Thursday, January 31, 2013

Early morning trees

Here are a few photos I took this morning:

Sunday, January 6, 2013

The usefulness of uselessness

"All art is quite useless." 
Oscar Wilde 

In the late eighties and early nineties I was a student at La Guardia High School of the Arts. My life was devoted to music. Thelonious Monk, Sonny Rollins and Lester Young were my idols. At eighteen I began gigging with my quintet in small venues in New York City. I wrote music and played tenor saxophone with a passion; I would end a gig or practice session in physical pain and emotional exhaustion.

Jazz clubs were dropping like flies. Swing and bebop had been a vital aspect of American culture. Yet the glory years of the thirties, forties and fifties, with places like NYC's 52nd street, didn't exist anymore. The music I was playing was disconnected from the times I was living in; I was rehashing a music that had died decades before. I was tired of pouring my heart into something that felt useless. I stopped playing.

At twenty I began working at my father's illustration and animation studio, Slim Films. There I learned that illustration and information graphics serve a specific purpose and have a defined goal. It was a revelation to be doing something concretely useful. After a couple of years working as a freelance illustrator I took a job as an assistant art director at Scientific American magazine. The editors worked with a passion that was eye-opening—even as they were writing about the most obscure subjects, like a particle physics theory that had no perceived relevance in our daily lives. It was as if I were surrounded by artists and musicians.

This reignited my desire to make music. I decided to leave Scientific American and go back to Manhattan School of Music, the conservatory I had dropped out of a few years earlier. I quickly learned that I didn't have what it would take to make it as a professional musician. It seemed as if the pinnacle of success was getting into the pit band of a Broadway show. The prospect of playing the same music day in and day out was a nightmare. At the time I was earning, and enjoying, a decent living as a freelance illustrator. Once again I stopped playing.

Over the years I became relatively successful as an illustrator. Five years ago I began to hire people and transition from a freelance illustrator to the creative director of my own studio. Two and a half years ago we moved the studio from Maplewood, N.J., to New York City.

I reentered the world of the useless; I decided to devote a significant part of my time and energy to creating fine art. Creating something that is of no use is an exercise in frustration. The other day I was complaining to an artist friend about this. Shaking his head he said, "People have no idea how hard this is. It's awful. Just awful."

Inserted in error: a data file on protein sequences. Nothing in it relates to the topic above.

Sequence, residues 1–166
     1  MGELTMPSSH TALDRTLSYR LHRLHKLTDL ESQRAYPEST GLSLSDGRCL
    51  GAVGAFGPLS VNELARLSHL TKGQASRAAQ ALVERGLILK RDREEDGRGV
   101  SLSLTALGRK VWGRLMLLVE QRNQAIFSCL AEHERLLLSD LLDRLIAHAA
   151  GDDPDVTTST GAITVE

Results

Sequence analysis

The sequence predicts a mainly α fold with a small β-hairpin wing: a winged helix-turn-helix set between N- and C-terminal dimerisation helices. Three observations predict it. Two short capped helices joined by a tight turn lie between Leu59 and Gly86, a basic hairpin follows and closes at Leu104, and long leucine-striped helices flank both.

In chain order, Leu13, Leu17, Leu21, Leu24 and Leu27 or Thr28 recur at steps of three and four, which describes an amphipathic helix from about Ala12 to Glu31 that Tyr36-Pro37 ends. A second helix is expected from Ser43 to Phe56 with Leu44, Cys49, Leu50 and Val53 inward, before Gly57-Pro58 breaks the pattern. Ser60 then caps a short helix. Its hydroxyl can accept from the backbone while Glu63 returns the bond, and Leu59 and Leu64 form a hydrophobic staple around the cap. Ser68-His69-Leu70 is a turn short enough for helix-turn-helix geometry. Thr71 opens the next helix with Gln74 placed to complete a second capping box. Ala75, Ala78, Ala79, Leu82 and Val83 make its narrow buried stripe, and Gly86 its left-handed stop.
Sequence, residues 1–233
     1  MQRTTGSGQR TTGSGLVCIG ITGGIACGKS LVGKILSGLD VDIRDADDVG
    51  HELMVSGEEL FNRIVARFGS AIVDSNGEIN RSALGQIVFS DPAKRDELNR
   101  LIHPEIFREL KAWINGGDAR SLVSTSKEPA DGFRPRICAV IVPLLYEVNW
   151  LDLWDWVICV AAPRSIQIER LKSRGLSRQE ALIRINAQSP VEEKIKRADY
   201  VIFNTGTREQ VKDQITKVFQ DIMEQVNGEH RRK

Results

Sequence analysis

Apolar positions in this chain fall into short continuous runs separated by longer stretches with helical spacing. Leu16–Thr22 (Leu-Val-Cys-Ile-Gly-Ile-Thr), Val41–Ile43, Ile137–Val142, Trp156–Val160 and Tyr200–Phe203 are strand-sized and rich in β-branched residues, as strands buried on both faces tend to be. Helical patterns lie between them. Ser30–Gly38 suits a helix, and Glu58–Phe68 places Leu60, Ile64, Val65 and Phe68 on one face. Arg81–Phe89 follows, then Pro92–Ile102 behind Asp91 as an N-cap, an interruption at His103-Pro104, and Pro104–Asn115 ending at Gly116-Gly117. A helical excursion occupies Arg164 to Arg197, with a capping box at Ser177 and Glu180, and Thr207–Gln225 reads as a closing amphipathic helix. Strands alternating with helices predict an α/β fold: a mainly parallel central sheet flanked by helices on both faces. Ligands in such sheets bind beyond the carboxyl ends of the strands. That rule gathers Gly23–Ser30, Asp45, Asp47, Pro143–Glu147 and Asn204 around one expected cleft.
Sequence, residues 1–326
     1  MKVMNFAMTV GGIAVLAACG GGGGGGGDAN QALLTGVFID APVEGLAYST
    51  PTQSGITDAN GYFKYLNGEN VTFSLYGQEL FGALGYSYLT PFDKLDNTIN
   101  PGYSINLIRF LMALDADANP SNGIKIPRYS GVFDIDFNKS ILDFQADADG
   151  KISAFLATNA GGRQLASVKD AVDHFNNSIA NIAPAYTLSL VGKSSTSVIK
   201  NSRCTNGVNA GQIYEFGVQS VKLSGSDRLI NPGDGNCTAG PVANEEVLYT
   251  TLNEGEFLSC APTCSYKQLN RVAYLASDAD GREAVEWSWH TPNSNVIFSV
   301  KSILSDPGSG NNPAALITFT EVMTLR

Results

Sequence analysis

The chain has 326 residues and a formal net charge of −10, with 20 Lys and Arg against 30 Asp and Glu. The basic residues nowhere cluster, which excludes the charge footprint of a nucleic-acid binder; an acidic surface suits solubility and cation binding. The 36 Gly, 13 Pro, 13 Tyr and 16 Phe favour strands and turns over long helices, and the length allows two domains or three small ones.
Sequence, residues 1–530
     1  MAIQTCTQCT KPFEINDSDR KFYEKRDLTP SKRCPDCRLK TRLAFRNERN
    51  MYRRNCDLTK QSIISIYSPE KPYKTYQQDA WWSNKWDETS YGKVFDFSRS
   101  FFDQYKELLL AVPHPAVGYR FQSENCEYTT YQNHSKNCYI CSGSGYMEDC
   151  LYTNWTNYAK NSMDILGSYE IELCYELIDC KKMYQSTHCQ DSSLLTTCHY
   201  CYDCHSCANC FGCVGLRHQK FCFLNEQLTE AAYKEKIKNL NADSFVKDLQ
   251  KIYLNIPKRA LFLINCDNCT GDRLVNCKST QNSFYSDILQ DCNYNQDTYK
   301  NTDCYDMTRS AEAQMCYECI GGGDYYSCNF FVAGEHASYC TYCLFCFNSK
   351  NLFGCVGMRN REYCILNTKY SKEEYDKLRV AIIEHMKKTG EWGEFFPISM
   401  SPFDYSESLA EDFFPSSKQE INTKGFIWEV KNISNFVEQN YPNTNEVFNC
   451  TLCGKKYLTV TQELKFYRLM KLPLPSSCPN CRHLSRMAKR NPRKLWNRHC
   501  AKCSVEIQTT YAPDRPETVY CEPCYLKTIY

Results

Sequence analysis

And then, a couple of weeks ago I downloaded an album from iTunes of Barry Harris and Charles Davis, two of the teachers I studied with years ago. At the first notes my knees buckled. Time stopped and joy welled in my heart. It didn't matter what year it was. It didn't matter that what I defined as jazz had died years ago. What mattered was that for this brief time it was alive and well in my studio as I listened and danced.

Tuesday, January 1, 2013

Looking forward, and the year in review

January 2012 was filled with hope as my wife and I reconciled. Yet the stress of everyday life, exacerbated by the grim reality of my recently excavated past, began to affect how I functioned in the world as a husband, father, creative director and artist. This tension culminated in April, leading to my semi-enforced two-month sabbatical. 

I reentered the world in June reenergized. By August the honeymoon withered and died. But in October I began feeling a subtle, hard-won stability. I was standing on the new foundation that I had begun cobbling together in April.

If you have followed this blog over the past two or so years, you may have noticed a change in tone since I returned from my sabbatical. I am uncomfortable with how personal my older posts are. Since getting back I've swung to the other end of the spectrum. In the service of not being too personal I have cut off much of the lifeblood and passion with which I wrote. How I can retain some of my fire without being melodramatic will be a challenge for me in 2013.

One of my intentions for 2012 was to make a larger, more realized body of work. Now that the year has come to a close I'm happy and proud of what I have made. In 2013 I will be getting the work out there. (Given that you are reading this and—hopefully—looking at the pictures, the work is of course "out there." What I mean is getting the work in an appropriate gallery.) With this intention in mind I've redesigned my art website. It will be going live sometime in January. I've also produced a 36-page booklet that I will be sending to the galleries I can imagine my work in.

Here are three of the last pieces I made in 2012:

When people see my work I want them to feel connected to their highest self. That said, I've come to the painful realization that I can't control what people think or feel. Attempting to make a person think or feel a specific way is the domain of advertising, not art. (There is a strong argument against this; just look at all the masterpieces that were commissioned by the Catholic Church during the Renaissance.) What I do have control over is my attempt to find and clarify my intentions. This carries through to how I wish to live my life in the world as a husband, father, creative director and artist.

Happy New Year!